The local Latino community is in an uproar over the prospect that Los Angeles' oldest Spanish-language television station may lose its broadcasting license. But the Federal Communications Commission ruling against KMEX-TV is not necessarily as bad as it seems; in fact, it could benefit the station, its parent network and Latino viewers across the United States.
KMEX is one of 13 stations, all affiliates of the Spanish International Network, found to be under illegal foreign control. By law, foreigners cannot own more than 20% of any U.S. broadcasting license. The FCC found that the 13 stations and SIN are controlled, through a complex series of legal and personal arrangements, by Mexican media magnate Emilio Azcarraga. Using remarkably strong language, FCC Judge John H. Conlin wrote that the U.S. citizens who run SIN, like network president Rene Anselmo and KMEX general manager Danny Villanueva, are nothing more than "fronts" for Azcarraga.
That finding should surprise no one. Communications specialists, including Felix Gutierrez of USC's School of Journalism, have written for years about Azcarraga's U.S. gold mine. They even predicted that it was unlikely to stand up to close scrutiny by the FCC and other legal authorities. (Coincidentally, as the FCC ruling was handed down in Washington, a lawsuit against SIN was nearing its conclusion in Los Angeles. In that suit, network stockholders accuse Anselmo of undermining their investment through a cozy but unprofitable programming arrangement with Azcarraga.)
Immediately after the FCC ruling was announced, supporters of the network rallied to its defense. They praised it for supporting worthy community efforts like voter registration, and pointed to the many local and national telethons that it has broadcast to raise money for Latino causes. They also noted the vital role that the network plays in providing a communications link for a community that is largely ignored by the English-language media, and expressed fear that the ruling might increase non-Latino control over the network.
Each of those points has merit, but KMEX's supporters should know that the station isn't going to disappear tomorrow. An FCC decision can be appealed through the courts--a process that could take years. In the meantime, it is unlikely that much will change at SIN. In other words, things are not as bad as they seem. And SIN may not be as good as it seems.
There are many thoughtful Latinos in this country who think that the network could do a far better job than it does. Most of the entertainment programming that the network gets from Mexico is no better, and often much worse, than the sophomoric pap televised by ABC, NBC and CBS.
As for community involvement, Christmas telethons to help poor families in the barrio are wonderful. But it would be nice, too, if local news operations at stations like KMEX had bigger budgets. Then they could report all year long on the causes of that poverty, like school dropouts, and the consequences, like gang violence.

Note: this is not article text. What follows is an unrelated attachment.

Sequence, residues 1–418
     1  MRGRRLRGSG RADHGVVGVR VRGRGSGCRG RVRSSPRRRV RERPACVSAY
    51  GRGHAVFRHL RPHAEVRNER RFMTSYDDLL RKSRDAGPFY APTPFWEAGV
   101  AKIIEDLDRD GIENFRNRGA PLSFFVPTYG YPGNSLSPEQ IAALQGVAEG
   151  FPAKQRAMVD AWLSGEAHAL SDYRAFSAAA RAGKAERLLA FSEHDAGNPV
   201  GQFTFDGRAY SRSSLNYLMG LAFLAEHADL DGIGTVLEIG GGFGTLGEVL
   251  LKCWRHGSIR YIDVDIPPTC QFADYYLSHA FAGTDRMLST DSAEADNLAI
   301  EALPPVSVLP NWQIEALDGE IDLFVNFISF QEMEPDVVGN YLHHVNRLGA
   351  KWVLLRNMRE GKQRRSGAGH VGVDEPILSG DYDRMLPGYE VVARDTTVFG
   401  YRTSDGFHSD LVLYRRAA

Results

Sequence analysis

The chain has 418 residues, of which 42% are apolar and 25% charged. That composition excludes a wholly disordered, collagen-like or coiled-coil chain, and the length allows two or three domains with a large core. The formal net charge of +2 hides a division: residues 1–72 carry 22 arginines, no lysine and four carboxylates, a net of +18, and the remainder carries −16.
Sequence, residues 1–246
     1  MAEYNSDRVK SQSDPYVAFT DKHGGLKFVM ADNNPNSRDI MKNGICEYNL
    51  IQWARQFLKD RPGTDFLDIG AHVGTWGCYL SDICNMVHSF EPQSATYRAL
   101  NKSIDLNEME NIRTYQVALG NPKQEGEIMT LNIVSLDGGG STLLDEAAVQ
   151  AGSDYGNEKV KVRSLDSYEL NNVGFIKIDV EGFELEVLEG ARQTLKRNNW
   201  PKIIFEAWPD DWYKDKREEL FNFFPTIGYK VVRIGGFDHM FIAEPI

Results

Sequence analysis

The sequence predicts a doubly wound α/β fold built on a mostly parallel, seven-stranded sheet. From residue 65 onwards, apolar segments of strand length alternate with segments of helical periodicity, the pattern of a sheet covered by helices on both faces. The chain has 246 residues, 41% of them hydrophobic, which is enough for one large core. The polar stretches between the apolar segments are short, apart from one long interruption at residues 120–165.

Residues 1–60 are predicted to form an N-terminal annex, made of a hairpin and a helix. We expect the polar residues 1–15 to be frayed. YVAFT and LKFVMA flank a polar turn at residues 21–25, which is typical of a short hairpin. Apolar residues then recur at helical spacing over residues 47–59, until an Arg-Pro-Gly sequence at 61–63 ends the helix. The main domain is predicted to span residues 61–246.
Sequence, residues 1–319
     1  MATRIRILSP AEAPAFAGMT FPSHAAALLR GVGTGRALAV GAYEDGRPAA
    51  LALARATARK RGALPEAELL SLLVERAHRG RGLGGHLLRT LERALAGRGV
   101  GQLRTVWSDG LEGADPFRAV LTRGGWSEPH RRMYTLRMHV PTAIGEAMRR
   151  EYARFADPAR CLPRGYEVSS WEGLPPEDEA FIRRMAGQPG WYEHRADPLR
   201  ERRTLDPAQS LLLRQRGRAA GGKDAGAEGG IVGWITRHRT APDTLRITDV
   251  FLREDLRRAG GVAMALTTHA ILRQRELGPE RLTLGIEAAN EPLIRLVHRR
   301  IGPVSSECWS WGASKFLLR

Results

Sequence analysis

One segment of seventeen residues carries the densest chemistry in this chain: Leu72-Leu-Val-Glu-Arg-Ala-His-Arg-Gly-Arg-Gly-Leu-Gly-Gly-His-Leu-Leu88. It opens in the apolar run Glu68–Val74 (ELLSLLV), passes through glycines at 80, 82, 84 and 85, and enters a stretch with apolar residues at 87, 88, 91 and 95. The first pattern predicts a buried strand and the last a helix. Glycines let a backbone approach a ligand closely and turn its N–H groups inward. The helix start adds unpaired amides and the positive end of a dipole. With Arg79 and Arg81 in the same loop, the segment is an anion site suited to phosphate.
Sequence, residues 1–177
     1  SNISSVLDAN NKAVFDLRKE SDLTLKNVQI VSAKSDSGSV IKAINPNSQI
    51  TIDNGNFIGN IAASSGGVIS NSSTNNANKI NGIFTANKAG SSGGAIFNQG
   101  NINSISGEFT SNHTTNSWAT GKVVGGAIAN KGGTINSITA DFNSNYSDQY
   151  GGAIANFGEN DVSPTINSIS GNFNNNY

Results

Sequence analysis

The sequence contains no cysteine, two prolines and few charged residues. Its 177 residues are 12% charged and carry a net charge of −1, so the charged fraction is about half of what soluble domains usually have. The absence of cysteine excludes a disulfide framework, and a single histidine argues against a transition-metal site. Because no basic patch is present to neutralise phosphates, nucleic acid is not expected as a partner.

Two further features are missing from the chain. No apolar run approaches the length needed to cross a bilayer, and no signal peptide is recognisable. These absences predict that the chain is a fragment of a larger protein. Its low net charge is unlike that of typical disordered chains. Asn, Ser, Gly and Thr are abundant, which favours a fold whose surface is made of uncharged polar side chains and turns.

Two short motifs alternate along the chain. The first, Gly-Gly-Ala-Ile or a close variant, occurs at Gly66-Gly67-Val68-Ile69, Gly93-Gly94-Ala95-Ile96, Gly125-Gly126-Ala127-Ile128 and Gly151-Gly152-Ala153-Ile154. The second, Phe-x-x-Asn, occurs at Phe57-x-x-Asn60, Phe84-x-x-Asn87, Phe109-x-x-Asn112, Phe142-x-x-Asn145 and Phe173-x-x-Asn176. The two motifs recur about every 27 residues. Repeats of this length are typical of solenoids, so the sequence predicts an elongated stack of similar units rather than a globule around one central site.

KMEX does broadcast more than two hours of news each day. But 50 minutes, in prime time every night, are devoted to "24 Horas," a news show produced in Mexico City that most observers agree is slanted toward the Mexican government. That seems to support the FCC's argument about the danger of foreign influence over U.S. broadcasting.
Of course, it can be argued that a Mexican capitalist like Azcarraga poses no more threat to the United States than Australian media magnate Rupert Murdoch does when he buys up properties here. But Murdoch had to become a U.S. citizen in order to purchase several TV stations, including KTTV in Los Angeles, last year. The law on foreign ownership draws no distinction among nationalities; Azcarraga may simply want to make money, but how would a Castro or a Kadafi or a Marcos use 21% interest in a U.S. network?
So the FCC ruling is probably valid, and likely to be upheld. If Azcarraga, Anselmo and the other heads of SIN are smart, they will try to figure out a reorganization plan that will satisfy the FCC by scaling back Mexican influence. One tactic might be to find U.S. Latinos willing to invest in SIN.
When SIN was first set up, in the 1960s, the Latino community in this country simply did not have the resources to create and support a major broadcasting network on its own. That is not the case now. There is no major city with an SIN outlet--they include New York, Miami, San Antonio, San Francisco and Phoenix as well as Los Angeles--where the network's current owners won't find prosperous Chicanos, Puerto Ricans and Cuban-Americans willing and able to buy a share of the network. These are, after all, some of the people whose buying power has made SIN an increasingly attractive advertising medium over the years.
If SIN officials really believe that their network is a community resource, and if they really want to keep it alive, they will forget about fighting the FCC and start recruiting Latino investors in this country.